Here there was huge uproar because Interpol is admitting the Palestinian Authority to its ranks. No, they will not be privvy to sensitive information, yes it means they will have to take responsibility for their criminals and perhaps terrorists can now be extradited!
Puerto Rico, the Virgin Islands, most of the Caribbean, Florida, Texas, Mexico, India, Pakistan and Nepal are all reeling after terrible natural disasters. Most are complaining of the slow response to their plight but incredibly Israeli aid teams are already in most of those countries. It seems that the wheels of bureaucracy grind very slowly because I remember the howls of dismay after Katrina and I hear them again. Tikkun Olam needs no bureaucracy.
The German people are in a state of shock. Angela Merkel won the elections but the far right party made huge gains, taking third place. Last night Zvi and I went on a Jerusalem Press Club tour of religious neighbourhoods to experience Selichot. We met two delightful German journalists and I spoke to Jose-Julio about the election results. As in many places in Europe the fear of xenophobia is replaced by the fear of terrorism and drastic changes to German society both socially and demographically by the huge influx of immigrants. The right is winning on the fear front.
I'm sure you won't be surprised to know that we had another crazy week! Friday night, which coincided with Rosh Hashana, we were 20 people at our Shabbat Dinner. As usual I made too much food but the children always take some home anyway!!! Saturday night we popped into Irit and Itzik Lev's in Tel Aviv to wish Irit a very happy birthday and then went on to the Cameri Theatre for an excellent show.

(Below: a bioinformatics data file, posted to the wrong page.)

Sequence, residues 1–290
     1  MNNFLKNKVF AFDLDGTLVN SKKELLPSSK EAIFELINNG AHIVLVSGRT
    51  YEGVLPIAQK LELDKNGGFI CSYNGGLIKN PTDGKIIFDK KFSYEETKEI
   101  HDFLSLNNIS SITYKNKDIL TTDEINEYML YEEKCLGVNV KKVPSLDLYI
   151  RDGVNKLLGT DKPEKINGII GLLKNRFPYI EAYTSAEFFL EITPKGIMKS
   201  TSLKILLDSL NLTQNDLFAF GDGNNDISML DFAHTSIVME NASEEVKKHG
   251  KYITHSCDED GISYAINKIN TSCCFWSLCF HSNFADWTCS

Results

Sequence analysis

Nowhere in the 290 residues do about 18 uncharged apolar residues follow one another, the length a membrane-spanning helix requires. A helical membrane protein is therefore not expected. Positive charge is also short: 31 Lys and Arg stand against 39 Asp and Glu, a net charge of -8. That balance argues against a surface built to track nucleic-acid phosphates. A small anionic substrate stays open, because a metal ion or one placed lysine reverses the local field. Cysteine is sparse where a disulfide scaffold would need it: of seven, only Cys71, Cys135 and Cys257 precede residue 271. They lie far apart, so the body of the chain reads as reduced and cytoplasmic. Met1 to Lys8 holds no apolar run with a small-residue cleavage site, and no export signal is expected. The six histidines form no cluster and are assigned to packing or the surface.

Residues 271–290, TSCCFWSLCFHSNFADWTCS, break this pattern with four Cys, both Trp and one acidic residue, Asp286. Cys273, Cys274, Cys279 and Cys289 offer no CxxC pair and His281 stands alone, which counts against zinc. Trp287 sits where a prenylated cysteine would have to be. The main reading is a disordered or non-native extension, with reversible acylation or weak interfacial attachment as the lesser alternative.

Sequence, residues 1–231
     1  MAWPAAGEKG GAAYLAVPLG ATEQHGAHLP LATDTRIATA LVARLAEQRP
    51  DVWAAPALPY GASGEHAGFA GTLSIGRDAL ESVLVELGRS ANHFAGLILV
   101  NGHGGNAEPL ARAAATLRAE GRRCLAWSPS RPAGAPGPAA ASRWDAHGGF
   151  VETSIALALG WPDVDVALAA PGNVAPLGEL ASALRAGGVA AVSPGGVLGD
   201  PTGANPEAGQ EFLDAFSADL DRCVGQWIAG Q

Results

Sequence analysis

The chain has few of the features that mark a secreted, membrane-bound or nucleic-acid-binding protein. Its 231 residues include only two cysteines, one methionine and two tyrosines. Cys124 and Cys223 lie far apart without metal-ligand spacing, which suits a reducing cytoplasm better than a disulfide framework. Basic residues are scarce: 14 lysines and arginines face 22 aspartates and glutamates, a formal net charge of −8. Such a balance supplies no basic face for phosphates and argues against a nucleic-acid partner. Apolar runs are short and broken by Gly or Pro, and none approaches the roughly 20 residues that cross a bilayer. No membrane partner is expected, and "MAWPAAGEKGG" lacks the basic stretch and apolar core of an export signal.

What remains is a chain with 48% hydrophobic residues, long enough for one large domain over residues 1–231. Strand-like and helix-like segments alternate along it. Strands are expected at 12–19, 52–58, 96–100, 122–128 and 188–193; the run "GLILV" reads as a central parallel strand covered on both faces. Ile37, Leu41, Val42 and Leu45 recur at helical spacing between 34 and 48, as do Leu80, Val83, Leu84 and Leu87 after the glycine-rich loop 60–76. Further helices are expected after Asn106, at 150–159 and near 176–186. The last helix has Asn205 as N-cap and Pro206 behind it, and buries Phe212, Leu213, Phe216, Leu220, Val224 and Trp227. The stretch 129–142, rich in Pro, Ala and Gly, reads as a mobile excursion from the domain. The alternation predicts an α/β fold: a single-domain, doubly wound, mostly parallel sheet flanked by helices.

The Smadar Cinema is a Jerusalem Institution. Situated in the German Colony, surrounded by Templar buildings, it is a small cozy cinema, which has been totally refurbished and we went to the celebratory re-opening. Deputy Mayor Ofer Berkivitch spoke beautifully about the history of the Smadar, and then we saw a marvellous French movie called "Burgundy". The next day we collected Ella and Yonatan from their new kindergarten, played in the park and then took them for a delicious ice cream in Vaniglia in Tel Aviv, left them with their Mummy Noga then went on to the Cameri theatre again! The play was funny and clever about the intended marriage between the children of a Tel Aviv secular, left wing family and a traditional, right wing settler family. It was fascinating and many truths were told through humour.
Last night we toured the Haredi Geulah and the Bucharian Quarter to see and hear the Selichot. Our guide Zippi, herself a Haredi woman, is an expert on the streets where she grew up, a journalist and very open to life in general. It was fascinating to see the flurry of activity as people rushed to Selichot (repentance) services and tried to finish preparations for their Succot (Tabernacles) choosing decorations from the gaudy stock of the local shops.
What is Selichot? http://www.myjewishlearning.com/article/selichot-prayers-of-repentance/ In Judaism it is not enough to apologise, one must truly repent ones sins and if one has sinned against another human being one cannot expect forgiveness from the Almighty, one must achieve forgiveness from the person. To walk around these neighborhoods and absorb the way of life which hasn't changed in hundreds of years is incredible – to do so with people who are not Jewish and are unfamiliar is even better. We ended the night with a super meal at Shtissel Restaurant – Potato Kugel, Cholent, Tsimmes, Gefilte Fish……….. yes of course it was Ashkenaz yet surprisingly familiar to the German journalists!!!